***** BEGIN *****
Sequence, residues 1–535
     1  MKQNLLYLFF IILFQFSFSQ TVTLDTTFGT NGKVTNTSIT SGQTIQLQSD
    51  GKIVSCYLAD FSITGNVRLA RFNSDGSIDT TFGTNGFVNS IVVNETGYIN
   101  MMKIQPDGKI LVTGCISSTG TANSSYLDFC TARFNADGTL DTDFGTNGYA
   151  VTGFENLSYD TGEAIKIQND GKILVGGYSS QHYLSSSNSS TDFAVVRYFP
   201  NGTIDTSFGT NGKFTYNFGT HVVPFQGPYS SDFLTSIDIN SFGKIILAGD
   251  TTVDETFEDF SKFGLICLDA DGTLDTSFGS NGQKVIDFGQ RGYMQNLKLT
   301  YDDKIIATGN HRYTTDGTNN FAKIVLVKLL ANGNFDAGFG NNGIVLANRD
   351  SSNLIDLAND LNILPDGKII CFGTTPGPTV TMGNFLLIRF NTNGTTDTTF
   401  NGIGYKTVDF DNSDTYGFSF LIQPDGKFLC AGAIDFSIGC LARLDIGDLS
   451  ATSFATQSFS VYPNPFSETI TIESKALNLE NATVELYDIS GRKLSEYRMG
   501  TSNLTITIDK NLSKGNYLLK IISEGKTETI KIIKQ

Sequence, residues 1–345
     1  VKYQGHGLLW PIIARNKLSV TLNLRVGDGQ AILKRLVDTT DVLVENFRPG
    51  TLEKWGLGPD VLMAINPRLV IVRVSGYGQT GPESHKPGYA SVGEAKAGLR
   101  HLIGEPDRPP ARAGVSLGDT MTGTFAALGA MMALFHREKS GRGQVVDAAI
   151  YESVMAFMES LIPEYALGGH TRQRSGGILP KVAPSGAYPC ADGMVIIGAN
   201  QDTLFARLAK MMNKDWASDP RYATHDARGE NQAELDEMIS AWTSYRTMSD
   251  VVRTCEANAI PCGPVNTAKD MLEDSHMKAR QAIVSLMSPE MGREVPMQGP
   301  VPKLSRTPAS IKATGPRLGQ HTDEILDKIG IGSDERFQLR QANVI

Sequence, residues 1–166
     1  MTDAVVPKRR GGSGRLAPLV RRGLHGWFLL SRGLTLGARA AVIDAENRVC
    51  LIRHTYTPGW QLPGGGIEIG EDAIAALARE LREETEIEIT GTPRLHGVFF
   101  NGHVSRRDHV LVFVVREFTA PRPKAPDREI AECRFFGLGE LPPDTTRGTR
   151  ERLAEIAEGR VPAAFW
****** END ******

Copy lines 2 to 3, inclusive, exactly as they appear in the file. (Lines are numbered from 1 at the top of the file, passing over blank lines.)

     1  MKQNLLYLFF IILFQFSFSQ TVTLDTTFGT NGKVTNTSIT SGQTIQLQSD
    51  GKIVSCYLAD FSITGNVRLA RFNSDGSIDT TFGTNGFVNS IVVNETGYIN